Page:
- 1:45 PM
214d

Role of Ion Channels in Shear Stress Sensing in Vascular Endothelium

Abdul I. Barakat, Mechanical and Aeronautical Engineering, University of California, Davis, One Shields Avenue, Davis, CA 95616

The pathological complications of atherosclerosis, namely heart attacks and strokes, are the leading cause of mortality in the Western world. Early atherosclerotic lesions develop preferentially in regions where the arterial wall is exposed to low and/or oscillatory fluid mechanical shear stress. Although the biological basis of this correlation remains unknown, dysfunction of vascular endothelial cells (ECs) is thought to be centrally involved. In response to shear stress, ECs exhibit humoral, metabolic, and structural responses; however, the specific nature of the response depends on the type of applied shear stress. While relatively high levels of steady shear stress lead to an anti-inflammatory, anti-adhesive, and hence atheroprotective EC phenotype, low and oscillatory shear stress result in a cellular profile that is pro-inflammatory and atherogenic. Although research over the past two decades has greatly enhanced our understanding of the EC signaling pathways induced by shear stress, the early events involved in shear stress sensing remain incompletely understood and the mechanisms by which ECs discriminate among different types of flow remain unknown.

Activation of flow-sensitive ion channels is among the most rapid flow responses in ECs; therefore, these channels have been proposed as candidate flow sensors. Sudden exposure of ECs to shear stress immediately activates inward-rectifying K+ channels, leading to cell membrane hyperpolarization. Simultaneously, flow stimulates outward-rectifying Cl- channels whose activation antagonizes the K+ channel-mediated hyperpolarization and leads to membrane depolarization. In support of the proposed role of flow-activated ion channels as shear stress sensors, agents that block activation of these channels greatly attenuate or entirely abolish a number of downstream responses to shear stress in ECs including flow-mediated changes in gene expression and protein synthesis as well as shear stress-induced phosphorylation of the serine-threonine kinase Akt.

A key idea that is proposed is that flow-sensitive K+ and Cl- channels are components of a complex mechanosensory system that endows ECs with the ability to discriminate among different levels and types of shear stress. In support of this construct, we have observed the following important differences between flow-sensitive K+ and Cl- channels: 1) While both K+ and Cl- channels are activated by very low levels of steady shear stress (0.1-0.3 dyne/cm2), peak current occurs at a shear stress of ~10-15 dyne/cm2 for K+ channels and at a shear stress of ~3.5 dyne/cm2 of Cl- channels. Therefore, Cl- channels exhibit maximal sensitivity at lower shear stress levels than K+ channels. 2) In response to shear stress, K+ channels are activated significantly more rapidly than Cl- channels. 3) Oscillatory flow with a physiological frequency of 1 Hz fully activates K+ channels but fails to activate Cl- channels. We hypothesize that the ratio of K+ current to Cl- current elicited by a particular shear stress stimulus (and the effect of this ratio on cell membrane potential) constitutes a signal that ECs use to decipher the details of the amplitude and waveform of the imposed shear stimulus.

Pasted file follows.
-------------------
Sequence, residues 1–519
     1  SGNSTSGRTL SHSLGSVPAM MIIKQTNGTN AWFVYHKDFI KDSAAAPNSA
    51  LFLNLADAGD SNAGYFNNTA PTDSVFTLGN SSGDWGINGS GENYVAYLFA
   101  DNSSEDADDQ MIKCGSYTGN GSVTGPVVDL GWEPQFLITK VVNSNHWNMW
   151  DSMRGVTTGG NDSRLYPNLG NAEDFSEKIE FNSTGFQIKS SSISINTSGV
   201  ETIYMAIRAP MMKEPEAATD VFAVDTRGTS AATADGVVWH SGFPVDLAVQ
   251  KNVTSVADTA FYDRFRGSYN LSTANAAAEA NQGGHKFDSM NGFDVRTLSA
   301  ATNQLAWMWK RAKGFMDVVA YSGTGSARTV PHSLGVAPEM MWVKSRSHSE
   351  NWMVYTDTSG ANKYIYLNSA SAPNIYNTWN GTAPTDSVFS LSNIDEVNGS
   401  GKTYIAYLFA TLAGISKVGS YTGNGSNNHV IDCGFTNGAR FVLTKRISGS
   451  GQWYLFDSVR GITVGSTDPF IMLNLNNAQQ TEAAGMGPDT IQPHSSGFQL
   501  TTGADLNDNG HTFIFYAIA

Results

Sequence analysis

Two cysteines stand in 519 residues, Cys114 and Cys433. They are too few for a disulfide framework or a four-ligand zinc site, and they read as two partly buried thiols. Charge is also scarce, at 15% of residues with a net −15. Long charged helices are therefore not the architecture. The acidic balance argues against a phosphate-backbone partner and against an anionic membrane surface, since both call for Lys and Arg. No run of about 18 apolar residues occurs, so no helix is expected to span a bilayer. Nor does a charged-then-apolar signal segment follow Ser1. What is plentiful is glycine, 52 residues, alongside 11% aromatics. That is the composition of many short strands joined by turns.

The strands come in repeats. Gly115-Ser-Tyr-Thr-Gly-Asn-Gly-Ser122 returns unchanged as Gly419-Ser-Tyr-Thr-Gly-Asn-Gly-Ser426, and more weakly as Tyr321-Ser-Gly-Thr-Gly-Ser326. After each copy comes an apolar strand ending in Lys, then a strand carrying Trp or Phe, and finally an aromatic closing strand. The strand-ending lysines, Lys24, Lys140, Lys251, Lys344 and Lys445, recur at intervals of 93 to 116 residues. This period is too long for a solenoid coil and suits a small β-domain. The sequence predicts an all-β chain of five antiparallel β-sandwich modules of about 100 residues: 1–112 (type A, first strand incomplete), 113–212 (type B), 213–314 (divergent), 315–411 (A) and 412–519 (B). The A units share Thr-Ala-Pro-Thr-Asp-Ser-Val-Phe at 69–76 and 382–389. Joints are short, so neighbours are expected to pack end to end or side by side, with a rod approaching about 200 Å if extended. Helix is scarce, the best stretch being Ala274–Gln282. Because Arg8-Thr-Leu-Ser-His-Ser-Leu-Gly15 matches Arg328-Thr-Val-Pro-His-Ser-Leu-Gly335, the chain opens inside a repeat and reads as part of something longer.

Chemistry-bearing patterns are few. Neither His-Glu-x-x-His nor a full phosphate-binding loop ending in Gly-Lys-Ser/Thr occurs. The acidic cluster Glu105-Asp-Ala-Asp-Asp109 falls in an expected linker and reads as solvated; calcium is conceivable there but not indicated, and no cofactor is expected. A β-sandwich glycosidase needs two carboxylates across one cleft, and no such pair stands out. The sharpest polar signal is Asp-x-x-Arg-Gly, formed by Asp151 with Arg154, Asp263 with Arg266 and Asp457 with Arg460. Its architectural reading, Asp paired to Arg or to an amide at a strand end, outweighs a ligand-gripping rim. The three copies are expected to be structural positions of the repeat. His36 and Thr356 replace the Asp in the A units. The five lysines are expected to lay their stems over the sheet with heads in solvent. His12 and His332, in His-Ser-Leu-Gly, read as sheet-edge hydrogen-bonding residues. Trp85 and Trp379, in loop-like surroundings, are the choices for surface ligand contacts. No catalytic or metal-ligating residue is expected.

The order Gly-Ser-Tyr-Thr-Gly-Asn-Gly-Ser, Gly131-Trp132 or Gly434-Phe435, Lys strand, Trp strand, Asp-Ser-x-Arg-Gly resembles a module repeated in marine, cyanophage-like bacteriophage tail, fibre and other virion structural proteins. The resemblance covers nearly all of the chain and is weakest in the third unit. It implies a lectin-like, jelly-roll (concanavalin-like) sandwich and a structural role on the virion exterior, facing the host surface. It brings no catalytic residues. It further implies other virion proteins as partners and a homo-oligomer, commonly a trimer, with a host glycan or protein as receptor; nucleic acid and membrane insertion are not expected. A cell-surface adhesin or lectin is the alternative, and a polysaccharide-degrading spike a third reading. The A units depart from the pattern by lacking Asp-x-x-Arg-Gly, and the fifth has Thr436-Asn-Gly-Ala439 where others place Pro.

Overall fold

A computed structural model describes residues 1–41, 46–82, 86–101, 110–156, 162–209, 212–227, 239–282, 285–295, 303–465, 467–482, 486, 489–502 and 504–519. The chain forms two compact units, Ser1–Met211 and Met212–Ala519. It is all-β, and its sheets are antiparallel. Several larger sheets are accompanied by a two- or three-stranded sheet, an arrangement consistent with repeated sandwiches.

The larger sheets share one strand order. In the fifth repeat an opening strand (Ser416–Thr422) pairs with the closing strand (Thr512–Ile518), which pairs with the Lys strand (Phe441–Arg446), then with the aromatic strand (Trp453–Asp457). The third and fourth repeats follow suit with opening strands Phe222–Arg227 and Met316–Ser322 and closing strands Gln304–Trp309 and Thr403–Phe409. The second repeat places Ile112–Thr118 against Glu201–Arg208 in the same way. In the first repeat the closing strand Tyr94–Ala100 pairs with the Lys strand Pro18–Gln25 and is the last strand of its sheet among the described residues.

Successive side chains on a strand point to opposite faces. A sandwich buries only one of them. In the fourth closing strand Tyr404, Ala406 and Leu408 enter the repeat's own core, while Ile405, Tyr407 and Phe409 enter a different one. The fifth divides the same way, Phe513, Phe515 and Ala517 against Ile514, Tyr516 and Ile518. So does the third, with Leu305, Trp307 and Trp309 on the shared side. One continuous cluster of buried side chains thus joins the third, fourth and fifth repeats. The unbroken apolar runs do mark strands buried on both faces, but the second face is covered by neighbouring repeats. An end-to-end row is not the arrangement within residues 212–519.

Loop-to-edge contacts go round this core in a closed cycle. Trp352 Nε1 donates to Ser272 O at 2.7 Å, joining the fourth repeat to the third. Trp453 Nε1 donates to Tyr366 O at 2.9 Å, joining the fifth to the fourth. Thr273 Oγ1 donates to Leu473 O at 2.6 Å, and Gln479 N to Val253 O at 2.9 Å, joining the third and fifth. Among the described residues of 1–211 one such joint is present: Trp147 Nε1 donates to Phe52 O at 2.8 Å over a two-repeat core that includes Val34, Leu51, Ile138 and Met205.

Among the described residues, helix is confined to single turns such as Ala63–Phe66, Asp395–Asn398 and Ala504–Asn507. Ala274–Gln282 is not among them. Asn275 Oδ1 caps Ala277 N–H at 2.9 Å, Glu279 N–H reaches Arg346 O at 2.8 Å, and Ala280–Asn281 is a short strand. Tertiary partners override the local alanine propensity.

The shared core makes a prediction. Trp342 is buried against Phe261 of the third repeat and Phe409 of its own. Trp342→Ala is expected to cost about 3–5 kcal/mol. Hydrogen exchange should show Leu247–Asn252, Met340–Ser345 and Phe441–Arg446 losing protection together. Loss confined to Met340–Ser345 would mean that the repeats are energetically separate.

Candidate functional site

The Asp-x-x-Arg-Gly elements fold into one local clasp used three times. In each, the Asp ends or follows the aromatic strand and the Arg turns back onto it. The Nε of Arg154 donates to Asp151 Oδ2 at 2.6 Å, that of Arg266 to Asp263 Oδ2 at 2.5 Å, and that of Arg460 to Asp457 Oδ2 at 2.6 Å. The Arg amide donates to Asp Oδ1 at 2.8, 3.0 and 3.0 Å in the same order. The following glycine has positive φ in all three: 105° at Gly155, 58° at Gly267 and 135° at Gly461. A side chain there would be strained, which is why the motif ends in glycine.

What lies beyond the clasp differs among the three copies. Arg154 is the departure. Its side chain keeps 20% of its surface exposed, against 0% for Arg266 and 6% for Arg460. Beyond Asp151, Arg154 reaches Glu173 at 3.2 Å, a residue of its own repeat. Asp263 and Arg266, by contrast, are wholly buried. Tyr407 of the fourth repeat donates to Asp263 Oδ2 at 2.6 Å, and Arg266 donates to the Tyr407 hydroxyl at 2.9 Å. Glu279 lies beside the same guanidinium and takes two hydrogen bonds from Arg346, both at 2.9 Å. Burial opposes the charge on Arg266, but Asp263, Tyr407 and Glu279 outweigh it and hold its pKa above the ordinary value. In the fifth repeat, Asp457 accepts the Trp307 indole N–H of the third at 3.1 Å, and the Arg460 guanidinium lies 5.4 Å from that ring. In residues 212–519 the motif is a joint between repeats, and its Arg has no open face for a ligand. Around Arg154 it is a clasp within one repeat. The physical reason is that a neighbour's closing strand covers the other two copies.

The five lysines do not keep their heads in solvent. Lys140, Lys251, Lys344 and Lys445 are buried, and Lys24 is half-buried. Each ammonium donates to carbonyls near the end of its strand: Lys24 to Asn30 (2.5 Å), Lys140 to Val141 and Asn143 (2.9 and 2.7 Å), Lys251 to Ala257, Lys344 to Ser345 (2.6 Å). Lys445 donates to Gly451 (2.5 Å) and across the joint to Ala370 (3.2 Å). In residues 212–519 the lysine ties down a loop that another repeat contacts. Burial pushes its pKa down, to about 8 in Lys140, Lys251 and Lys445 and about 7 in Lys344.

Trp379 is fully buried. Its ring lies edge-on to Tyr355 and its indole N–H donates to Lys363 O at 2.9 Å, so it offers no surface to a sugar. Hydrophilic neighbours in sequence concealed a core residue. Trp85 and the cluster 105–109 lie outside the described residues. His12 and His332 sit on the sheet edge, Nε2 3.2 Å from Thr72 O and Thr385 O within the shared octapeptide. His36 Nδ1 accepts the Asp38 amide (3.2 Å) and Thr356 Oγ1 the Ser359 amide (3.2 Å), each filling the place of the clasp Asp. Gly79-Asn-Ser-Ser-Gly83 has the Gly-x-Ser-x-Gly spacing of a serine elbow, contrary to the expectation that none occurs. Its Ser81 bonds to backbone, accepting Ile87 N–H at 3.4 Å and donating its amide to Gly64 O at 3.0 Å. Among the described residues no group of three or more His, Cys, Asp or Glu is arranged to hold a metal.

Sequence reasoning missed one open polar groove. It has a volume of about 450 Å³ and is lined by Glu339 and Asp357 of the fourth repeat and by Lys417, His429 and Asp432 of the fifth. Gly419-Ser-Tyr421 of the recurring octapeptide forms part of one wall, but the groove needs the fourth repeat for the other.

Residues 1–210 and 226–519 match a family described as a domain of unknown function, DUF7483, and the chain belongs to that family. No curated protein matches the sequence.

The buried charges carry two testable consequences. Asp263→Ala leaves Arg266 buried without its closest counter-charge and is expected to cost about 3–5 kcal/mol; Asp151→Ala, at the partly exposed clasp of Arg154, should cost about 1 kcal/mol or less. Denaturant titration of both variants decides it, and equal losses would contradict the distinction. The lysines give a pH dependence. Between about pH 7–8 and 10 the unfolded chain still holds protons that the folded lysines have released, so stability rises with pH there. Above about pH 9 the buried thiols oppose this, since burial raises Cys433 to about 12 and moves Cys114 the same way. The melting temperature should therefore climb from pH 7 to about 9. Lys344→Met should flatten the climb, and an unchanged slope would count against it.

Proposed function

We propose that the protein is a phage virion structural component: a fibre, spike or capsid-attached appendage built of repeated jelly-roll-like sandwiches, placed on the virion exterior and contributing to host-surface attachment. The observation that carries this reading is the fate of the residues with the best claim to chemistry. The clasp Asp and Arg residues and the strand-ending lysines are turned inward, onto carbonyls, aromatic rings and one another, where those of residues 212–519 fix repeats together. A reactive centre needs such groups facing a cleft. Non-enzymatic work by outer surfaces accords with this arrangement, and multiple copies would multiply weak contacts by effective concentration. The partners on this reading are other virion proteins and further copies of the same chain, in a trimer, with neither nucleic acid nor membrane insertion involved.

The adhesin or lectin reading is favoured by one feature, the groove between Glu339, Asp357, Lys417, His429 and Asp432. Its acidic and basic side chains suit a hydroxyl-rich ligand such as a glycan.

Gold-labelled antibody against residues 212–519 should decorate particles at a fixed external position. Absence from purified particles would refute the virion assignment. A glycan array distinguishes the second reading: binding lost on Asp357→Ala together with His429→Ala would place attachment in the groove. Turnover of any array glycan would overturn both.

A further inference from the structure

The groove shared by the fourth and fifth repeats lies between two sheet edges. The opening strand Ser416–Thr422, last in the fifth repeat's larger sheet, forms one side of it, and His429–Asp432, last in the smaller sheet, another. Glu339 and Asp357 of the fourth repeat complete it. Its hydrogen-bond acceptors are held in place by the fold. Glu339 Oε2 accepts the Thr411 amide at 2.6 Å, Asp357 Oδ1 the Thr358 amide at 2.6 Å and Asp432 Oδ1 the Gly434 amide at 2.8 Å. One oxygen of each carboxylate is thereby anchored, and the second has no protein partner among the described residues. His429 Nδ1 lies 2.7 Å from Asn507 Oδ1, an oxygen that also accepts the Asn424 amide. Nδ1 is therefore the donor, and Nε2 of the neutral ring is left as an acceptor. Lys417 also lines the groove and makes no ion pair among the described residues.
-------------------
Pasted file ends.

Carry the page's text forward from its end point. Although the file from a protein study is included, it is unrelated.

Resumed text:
Another critical question to address is the mechanism(s) of activation of flow-sensitive ion channels. Our data using fluids of different viscosities suggest that the extent of activation of ion channels correlates with the magnitude of the applied shear stress rather than the applied shear rate. This suggests that ion channel activation is “direct” and is not a consequence of the altered delivery and/or removal (convective and/or diffusive transport) of specific fluid-borne agonists. It remains unclear how shear stress directly activates ion channels in ECs; however, the small sizes of the channels would argue against a channel conformational change as a direct result of the applied fluid mechanical force. Rather, a more likely pathway is channel gating through an effect of flow on cell membrane tension, membrane subdomains to which the channels are directly coupled, or even intracellular cytoskeletal elements.